In this series of blogs we take a look at the factors that make a project successful or if you prefer explain why a project may fail. The rest of the series includes a look at ‘Planning’, Time & Budget’, ‘Communication’ and ‘Project Management’
Definition. Let’s start with what the project is for and what outcomes are sought.
Arguably the most important element of any project is knowing what problem you are trying to solve. Many businesses rush this stage, without truly understanding the problem and underlying factors that impact on this. Failing to understand the problem from every angle means that elements might be missed or not considered as part of the solution leading to the potential that any solution provided may not actually be the best one.
Defining the project is a stage often under invested in both financially and in terms of time and effort. Tempting as it might be to jump straight in, investment into this stage of the project is critical as without a clear project definition how can anyone know what is required to be delivered and how will this be achieved. A common failing at this stage is not involving a cross section of the people that will actually use the end product once delivered. Without involving the user community, it is difficult to ensure that their needs will be met and their working practices improved. All of which will make it more challenging to gain a high level of user adoption which will be key to achieving a return on investment from the project.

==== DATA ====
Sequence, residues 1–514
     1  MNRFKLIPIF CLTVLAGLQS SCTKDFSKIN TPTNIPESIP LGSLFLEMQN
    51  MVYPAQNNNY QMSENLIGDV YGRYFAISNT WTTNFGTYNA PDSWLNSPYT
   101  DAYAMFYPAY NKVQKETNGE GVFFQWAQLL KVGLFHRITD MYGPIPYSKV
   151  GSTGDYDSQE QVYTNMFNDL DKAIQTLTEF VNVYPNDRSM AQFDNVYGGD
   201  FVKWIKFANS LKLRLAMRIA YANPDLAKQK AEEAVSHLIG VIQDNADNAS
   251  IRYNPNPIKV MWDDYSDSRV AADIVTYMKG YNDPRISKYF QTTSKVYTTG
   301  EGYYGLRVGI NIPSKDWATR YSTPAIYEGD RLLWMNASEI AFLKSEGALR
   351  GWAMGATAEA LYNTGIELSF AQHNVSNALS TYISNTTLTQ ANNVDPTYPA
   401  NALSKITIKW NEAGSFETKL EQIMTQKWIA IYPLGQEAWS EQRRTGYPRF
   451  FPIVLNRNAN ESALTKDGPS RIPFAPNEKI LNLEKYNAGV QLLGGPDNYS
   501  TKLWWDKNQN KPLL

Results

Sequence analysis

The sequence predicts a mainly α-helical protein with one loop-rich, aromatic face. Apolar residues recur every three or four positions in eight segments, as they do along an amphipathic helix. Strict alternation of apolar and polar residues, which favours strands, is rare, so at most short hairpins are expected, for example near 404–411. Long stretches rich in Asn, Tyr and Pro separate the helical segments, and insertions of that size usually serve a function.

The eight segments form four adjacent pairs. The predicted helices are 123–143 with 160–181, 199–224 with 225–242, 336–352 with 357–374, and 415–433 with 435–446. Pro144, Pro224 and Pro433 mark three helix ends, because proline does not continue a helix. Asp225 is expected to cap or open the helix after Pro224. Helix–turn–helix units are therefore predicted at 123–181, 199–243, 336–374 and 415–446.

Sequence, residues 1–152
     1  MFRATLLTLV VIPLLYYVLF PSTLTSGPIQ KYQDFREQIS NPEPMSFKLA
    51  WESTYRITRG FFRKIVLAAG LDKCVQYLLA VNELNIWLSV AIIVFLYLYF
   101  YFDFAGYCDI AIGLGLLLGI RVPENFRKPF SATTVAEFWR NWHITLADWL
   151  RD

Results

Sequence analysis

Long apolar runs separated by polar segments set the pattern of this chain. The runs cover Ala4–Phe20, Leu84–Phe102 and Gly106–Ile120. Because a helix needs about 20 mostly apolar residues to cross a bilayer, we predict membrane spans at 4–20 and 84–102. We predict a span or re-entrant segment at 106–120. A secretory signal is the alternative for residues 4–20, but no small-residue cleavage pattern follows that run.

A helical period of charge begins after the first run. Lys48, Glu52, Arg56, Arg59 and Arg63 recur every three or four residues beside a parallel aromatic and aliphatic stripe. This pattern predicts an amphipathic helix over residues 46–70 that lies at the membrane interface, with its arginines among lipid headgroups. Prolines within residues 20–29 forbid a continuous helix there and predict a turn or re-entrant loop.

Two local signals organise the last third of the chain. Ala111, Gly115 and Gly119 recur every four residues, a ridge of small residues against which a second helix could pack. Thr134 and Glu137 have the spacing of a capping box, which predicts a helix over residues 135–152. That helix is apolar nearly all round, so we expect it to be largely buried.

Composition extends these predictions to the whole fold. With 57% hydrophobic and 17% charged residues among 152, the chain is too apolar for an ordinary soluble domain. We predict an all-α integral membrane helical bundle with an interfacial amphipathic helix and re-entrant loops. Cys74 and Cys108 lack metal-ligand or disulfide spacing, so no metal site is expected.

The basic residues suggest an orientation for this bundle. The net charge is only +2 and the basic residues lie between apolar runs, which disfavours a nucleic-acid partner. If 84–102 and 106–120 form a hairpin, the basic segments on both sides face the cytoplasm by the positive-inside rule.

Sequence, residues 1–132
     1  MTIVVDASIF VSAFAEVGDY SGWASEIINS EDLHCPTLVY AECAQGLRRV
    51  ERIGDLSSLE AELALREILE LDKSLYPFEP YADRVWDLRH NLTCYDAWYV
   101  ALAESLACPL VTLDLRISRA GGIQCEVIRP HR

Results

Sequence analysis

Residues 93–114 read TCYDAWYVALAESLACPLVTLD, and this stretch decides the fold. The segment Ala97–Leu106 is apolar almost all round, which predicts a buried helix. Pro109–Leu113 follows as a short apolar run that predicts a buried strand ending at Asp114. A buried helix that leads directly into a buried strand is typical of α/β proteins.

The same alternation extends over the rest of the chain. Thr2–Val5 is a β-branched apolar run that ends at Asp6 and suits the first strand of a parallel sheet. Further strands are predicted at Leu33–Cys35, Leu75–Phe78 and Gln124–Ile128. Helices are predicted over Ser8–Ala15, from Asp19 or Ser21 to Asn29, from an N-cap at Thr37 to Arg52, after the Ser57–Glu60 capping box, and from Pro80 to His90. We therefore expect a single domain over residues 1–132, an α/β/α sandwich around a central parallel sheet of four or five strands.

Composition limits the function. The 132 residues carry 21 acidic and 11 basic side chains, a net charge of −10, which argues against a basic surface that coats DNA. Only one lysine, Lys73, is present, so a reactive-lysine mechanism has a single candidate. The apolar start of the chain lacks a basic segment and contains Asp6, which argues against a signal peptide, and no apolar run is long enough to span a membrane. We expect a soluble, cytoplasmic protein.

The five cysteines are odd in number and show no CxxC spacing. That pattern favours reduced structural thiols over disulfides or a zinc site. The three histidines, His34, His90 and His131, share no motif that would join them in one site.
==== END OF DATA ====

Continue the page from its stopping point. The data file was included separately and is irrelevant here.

At the definition stage it is crucial that everyone involved in the project shares the same expectations for the outcome and what is to be delivered. To achieve this, it is important to define a set of tangible criteria on which the success of the project will be measured. That way everyone can agree to ensuring that the project is driven to achieve these metrics.